Ever since American runner Jesse Owens took the 1936 Berlin Olympics by storm, black athletes have generally reigned supreme in the sprints at international tournaments.
The last 25 holders of the world record for 100metres sprint have all been black and data compiled in 2007 revealed that 494 out of the 500 best ever 100 metre sprint times are held by athletes primarily of West African origin. The line up for Sunday’s 100 metre final in London’s Olympic stadium once again demonstrates the superiority of black sprinters. Despite glaring statistics, the topic was somewhat of a taboo subject until recent years. Most scientists, authors and journalists avoided any quest for an explication out of a fear of being accused of racial stereotyping.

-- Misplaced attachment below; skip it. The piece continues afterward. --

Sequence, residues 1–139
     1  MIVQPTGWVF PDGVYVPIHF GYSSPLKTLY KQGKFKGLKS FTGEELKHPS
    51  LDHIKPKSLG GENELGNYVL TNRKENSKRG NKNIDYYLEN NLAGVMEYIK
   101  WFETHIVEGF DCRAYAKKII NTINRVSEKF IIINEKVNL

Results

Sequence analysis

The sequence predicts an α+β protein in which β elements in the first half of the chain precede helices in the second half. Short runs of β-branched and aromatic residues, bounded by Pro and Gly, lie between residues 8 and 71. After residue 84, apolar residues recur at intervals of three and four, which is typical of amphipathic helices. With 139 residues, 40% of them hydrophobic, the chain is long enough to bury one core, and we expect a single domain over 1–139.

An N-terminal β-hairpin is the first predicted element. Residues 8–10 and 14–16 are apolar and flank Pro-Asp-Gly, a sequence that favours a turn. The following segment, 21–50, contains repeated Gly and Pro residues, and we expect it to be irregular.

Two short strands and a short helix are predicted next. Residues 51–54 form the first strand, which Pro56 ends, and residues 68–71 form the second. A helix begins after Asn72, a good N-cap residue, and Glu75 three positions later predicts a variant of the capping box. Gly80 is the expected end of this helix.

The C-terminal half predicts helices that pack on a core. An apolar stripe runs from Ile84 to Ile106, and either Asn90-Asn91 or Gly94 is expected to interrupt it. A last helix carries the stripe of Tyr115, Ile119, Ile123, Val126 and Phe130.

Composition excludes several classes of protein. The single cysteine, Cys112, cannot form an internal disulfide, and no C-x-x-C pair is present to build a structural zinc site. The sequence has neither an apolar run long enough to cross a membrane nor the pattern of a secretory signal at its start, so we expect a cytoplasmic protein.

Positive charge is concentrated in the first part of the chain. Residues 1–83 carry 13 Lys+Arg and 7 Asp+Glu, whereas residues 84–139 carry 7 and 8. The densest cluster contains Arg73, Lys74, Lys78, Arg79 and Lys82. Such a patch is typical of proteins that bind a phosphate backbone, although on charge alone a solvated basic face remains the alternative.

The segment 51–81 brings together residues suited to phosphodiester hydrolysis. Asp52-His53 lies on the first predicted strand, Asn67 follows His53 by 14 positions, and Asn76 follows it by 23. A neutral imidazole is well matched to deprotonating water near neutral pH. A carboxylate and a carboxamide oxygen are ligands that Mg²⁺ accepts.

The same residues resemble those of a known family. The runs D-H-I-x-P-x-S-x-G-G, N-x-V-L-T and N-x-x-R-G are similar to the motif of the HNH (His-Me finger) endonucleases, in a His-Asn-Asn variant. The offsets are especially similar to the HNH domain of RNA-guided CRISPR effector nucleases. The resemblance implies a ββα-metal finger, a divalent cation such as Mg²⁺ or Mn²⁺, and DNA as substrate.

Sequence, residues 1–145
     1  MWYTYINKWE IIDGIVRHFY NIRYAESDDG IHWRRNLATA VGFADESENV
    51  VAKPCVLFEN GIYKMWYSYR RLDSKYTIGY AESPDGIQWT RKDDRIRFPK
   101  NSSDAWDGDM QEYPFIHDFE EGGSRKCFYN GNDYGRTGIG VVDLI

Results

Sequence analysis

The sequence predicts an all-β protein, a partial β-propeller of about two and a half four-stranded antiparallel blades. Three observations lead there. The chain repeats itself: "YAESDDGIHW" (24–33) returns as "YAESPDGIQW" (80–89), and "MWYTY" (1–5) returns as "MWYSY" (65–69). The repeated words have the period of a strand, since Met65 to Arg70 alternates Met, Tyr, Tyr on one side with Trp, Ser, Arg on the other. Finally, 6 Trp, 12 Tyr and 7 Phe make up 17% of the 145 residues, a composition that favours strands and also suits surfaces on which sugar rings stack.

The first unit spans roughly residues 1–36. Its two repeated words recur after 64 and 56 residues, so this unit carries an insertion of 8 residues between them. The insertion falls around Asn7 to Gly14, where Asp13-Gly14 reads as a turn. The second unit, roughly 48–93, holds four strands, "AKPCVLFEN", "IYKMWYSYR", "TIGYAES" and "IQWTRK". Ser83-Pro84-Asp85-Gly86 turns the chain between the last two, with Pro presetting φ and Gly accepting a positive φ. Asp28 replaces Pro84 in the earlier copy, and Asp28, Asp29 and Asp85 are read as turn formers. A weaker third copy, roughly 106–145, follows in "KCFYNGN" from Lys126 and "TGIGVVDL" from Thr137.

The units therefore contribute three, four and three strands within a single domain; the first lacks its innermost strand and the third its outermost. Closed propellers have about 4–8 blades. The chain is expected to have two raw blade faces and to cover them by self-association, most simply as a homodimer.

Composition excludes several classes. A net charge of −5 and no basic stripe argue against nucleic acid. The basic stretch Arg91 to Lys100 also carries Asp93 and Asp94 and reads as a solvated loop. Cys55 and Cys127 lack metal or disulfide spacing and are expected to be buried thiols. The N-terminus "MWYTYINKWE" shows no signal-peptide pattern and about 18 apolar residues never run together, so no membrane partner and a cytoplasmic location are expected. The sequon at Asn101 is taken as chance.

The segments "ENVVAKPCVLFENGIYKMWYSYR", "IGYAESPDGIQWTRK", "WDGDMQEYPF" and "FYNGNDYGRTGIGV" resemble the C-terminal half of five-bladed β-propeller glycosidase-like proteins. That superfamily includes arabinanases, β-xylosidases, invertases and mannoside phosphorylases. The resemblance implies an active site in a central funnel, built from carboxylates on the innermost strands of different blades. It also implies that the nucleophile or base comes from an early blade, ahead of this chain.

But, in 2010, French author Jean-Philippe Leclaire, a former editor in chief of popular French sports newspaperL’Equipe, took it upon himself to examine the evidence. Inspired by the emergence of white French sprinter Christophe Lemaitre and by the work of American author Jon Entine and his book “Taboo: Why black athletes dominate sport and why we’re afraid to talk about it”, Leclaire decided to dedicate a year and a half of his life to breaking that taboo.
View the original article here: French book examines why black sprinters dominate the Olympics